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Vanity Calls Land Rush
When Gate 2 of the 'Vanity' program was announced, there was much anxiety among hams who stood to get a new call. There were only a limited number of good callsigns available. Rumors flew, and every FCC/ARRL bulletin was scrutinized for subtle nuances of meaning. Some hams believed there was an advantage to hand carrying applications to Mellon Bank in Pittsburgh, PA, (FCC's collection agent) where they would supposedly be prioritized by order of receipt. It looked like a riot in the making, with hundreds of hams showing up there on the first day! I followed developments in great detail, and was at one point seriously considering making the trip myself to try to get my form and payment in as early as possible. One ham was offering to attempt head-of-the-line delivery of other hams' filings for a $25. fee, implying he had insider knowledge. He had his own list of applicants.
It became clear only a few days before the deadline that the handling at the FCC would be batch processing in lots of one batch per day. Batches received at the bank would be kept together by day, in the interest of fairness, and the FCC computer would randomly and sequentially choose items from each batch for processing until all were handled. It would be OK, therefore, to have the application arrive any time the first day- everyone in that batch had an equal chance. Filings received before opening day were rejected and latecomers who filed a day or more late stood a good chance of missing out on most of their callsign choices. Many of us used couriers like Fedex, and carefully timed shipment. In some ways it was very much like tuning across a DX pileup, reading it, and successfully cracking the pile. This was a good challenge for extra class DXers. To those it mattered to, it was a high stakes, dramatic adventure. Many hams with poor calls got to shed them for much better calls, after a 19 year moratorium dating from 1977 during which no new vanity calls were issued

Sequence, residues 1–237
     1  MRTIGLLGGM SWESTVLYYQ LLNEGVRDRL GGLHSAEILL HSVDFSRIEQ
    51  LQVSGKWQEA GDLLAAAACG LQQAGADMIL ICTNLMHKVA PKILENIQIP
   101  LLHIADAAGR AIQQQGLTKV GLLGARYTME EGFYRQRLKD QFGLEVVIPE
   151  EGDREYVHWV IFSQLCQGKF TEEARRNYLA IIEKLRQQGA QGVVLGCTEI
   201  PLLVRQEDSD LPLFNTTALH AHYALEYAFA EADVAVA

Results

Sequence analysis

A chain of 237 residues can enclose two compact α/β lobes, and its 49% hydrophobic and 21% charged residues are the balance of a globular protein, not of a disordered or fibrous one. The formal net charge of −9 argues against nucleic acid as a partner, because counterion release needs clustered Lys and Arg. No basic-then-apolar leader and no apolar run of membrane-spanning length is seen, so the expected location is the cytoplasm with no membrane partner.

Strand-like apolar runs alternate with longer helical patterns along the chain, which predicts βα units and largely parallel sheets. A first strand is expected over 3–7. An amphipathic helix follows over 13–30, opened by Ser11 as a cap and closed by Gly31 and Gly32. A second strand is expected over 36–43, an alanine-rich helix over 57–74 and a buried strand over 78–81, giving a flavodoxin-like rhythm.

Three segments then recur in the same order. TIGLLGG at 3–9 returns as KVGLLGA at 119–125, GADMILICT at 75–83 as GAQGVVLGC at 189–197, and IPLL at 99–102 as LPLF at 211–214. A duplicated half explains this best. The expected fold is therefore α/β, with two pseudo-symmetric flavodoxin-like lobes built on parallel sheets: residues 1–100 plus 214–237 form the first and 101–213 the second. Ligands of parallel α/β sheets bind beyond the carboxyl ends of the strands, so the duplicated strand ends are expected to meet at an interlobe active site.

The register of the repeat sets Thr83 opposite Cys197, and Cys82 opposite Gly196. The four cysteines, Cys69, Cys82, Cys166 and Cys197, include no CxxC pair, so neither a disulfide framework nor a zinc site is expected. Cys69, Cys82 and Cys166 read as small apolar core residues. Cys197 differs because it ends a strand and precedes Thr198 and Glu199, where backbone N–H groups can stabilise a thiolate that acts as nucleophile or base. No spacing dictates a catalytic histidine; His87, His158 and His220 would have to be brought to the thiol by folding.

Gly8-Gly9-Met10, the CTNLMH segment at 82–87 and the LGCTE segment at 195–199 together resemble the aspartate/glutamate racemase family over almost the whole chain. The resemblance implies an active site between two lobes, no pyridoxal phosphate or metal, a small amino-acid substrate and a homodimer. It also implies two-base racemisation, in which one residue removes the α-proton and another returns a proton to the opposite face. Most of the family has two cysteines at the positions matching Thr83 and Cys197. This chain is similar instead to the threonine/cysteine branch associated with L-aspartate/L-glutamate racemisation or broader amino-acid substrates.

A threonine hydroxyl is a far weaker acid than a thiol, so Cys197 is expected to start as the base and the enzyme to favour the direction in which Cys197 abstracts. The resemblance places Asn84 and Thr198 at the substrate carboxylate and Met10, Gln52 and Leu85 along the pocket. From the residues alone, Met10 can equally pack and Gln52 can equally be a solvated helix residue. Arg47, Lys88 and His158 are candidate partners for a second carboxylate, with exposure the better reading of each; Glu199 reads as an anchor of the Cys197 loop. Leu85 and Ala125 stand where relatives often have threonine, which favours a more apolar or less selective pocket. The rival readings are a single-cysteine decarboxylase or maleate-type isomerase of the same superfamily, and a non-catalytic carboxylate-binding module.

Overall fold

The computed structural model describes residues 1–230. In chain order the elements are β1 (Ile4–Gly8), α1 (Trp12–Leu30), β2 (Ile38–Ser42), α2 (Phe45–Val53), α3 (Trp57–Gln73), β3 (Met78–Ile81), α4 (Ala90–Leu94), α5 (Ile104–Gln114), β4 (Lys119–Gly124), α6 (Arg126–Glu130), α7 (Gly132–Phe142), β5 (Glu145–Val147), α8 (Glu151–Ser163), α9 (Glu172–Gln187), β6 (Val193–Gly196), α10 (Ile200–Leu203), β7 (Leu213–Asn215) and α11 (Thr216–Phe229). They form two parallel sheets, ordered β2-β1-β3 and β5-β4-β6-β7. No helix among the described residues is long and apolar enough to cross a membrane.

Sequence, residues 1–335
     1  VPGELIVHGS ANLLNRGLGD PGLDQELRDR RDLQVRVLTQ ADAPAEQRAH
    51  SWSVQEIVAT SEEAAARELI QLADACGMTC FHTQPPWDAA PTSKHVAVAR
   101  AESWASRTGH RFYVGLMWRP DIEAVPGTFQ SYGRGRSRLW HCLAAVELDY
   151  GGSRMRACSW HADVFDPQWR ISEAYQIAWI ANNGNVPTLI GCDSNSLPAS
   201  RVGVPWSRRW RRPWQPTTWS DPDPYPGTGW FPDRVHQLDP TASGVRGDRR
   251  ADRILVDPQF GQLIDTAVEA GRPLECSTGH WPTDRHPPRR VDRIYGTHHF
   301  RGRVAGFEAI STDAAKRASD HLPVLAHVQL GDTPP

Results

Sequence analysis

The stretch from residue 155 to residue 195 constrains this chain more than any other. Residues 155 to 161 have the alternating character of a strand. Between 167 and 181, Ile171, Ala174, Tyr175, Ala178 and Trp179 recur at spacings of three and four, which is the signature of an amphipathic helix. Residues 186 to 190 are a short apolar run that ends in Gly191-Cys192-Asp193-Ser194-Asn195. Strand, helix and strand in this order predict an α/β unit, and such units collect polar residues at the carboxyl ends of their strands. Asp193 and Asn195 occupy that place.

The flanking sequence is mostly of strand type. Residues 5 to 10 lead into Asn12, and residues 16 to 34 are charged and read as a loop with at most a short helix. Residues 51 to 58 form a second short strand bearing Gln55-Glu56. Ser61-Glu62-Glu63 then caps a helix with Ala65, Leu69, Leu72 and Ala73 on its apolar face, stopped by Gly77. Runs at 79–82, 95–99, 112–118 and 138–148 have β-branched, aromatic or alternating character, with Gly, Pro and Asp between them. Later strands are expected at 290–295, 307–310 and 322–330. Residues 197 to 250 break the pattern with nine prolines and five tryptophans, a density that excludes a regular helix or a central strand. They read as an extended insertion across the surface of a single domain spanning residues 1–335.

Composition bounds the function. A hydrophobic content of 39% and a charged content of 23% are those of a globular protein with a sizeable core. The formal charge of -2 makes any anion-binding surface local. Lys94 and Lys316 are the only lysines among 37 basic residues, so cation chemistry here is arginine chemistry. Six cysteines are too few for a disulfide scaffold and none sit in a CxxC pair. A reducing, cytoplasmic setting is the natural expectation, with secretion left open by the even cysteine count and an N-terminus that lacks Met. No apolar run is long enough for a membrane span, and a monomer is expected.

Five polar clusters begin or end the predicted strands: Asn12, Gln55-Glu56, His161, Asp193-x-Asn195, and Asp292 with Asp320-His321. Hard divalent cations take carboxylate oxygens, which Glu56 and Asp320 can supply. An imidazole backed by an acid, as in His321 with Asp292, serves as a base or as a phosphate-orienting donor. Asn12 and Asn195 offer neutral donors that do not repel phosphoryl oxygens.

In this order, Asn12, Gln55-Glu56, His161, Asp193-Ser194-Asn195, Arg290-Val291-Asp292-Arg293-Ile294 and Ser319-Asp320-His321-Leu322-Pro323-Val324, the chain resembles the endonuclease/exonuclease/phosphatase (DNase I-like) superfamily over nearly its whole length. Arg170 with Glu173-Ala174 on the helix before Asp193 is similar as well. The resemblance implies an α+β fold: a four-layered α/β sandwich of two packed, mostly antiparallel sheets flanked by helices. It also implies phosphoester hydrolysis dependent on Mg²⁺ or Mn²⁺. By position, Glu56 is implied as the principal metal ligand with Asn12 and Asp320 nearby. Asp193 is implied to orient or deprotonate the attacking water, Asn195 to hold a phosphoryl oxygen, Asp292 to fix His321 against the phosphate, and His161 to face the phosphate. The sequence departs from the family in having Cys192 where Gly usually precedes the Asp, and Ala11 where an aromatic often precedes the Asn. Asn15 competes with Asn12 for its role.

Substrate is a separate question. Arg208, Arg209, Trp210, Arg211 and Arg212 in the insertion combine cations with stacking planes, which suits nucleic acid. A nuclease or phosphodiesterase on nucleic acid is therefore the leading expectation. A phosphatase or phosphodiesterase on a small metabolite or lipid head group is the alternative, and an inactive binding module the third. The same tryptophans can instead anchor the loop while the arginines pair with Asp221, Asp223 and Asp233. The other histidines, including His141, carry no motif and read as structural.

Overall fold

Unlike some USA regions, the W3 area still had a fairly good pool of available 1x2 callsigns. Even so, it was challenging to make a list of 25 good
DX calls. I spent countless hours sifting through them, making endless lists, and trying them in both CW and voice phonetics, over and over. I considered issues like callsign recognition (memorization), intelligibility in noise (phonetics recognition/CW recognition), shortness, and operator fatigue. Some hams chose calls with their initials- although K3DS was available, I did not think it was a good DX call. Although some hams dropped letters from longer callsigns, K3YG was my 25th (last) choice. What I was after was primarily one that would punch through the pileups and noise better than K3YGU. None of my 25 choices were perfect, but I did exchange my difficult 1x3 call for a better than average 1x2, and even got my first choice,
K3KY . I'm very happy with it!

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